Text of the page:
Sky News reports on a fascinating development for 3D printing: being used in forensic science in order to help solve murders!
Indeed, “the latest technology in digital scanning and 3D printing is providing vital clues and evidence in murder cases.”
“Post-mortems provide crucial information on the cause of death and CT scanning in hospitals can provide evidence. But the latest scans by the Centre For Imaging, Metrology, and Additive Technology at the University of Warwick are 100% more detailed, detecting very small injuries, which would be missed by conventional equipment.”
Additionally, the team is also able “to produce 3D renderings of injuries, even the so-called ‘micro-injuries’ not detected by conventional scanners, and the age of the injuries can also be determined, which assists pathologists in determining whether they were a consequence of the incident in question.”
Further along down the legal line, this 3D printed and scanned “evidence can be used in trials to help visualize trauma to the jury and support the pathologist’s testimony.” This has already been done with at least one criminal case.
Indeed, “micro-CT equipment and analysis was used to find evidence in the case of the death of nine-week-old Teri-Rae Palmer, whose mother Abigail Palmer was found guilty of manslaughter and wounding and sentenced to 13-and-a-half years in jail.”
“3D x-ray scanners allowed the team to identify multiple fractures to Teri-Rae’s ribs, which had occurred over an extended period of time. The ability to produce highly detailed 3D images of these shocking injuries which could be presented at court helped establish the truth and show what had happened.”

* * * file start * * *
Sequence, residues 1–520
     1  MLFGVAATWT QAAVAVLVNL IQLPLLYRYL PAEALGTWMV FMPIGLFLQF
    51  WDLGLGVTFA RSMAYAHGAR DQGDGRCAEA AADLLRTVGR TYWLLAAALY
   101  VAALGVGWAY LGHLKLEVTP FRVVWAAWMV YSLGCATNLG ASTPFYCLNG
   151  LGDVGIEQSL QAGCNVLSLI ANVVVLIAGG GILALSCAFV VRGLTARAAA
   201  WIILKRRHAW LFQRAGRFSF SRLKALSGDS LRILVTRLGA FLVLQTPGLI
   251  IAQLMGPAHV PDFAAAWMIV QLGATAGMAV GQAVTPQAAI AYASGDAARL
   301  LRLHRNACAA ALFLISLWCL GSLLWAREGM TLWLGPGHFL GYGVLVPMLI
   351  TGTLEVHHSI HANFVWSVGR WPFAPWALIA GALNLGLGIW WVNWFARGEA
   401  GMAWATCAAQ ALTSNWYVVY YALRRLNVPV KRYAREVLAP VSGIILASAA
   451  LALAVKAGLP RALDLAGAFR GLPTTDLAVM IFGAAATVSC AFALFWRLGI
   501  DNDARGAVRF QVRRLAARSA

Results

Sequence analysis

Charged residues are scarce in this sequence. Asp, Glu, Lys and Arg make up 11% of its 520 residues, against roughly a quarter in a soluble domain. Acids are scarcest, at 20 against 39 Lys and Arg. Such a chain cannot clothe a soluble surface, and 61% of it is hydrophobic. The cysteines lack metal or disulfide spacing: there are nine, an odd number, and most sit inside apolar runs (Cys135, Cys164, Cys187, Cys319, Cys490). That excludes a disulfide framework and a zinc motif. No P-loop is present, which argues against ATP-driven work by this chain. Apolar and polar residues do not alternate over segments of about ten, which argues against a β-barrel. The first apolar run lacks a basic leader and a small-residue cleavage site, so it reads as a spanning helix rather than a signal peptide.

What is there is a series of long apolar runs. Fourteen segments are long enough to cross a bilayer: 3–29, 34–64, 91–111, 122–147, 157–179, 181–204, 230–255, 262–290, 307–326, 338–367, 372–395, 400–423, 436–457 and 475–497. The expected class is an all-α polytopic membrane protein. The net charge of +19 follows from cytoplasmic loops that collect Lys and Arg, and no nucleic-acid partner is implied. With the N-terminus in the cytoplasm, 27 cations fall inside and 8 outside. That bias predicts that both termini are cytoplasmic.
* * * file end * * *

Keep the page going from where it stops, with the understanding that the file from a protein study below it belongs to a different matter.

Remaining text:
On top of this, “the team have worked on murder cases identifying who was responsible for the death in instances where more than one person was involved. In one case in which a hammer and a spanner were used as weapons, both assailants claimed innocence and work from the CT scans helped show both were guilty.”
Finally, this technology is not only being used for criminal cases. For example, “scanners were also used to make replicas of the famous dodo at the Oxford University Natural History Museum. During this investigation, they discovered the animal had been shot, with lead found throughout the skull.”
The team hopes to focus future work “on industrial forensics, including airplane and car failures, through to developing implants for human medicine such as hip implants.”
Image and Quotes Courtesy of Sky News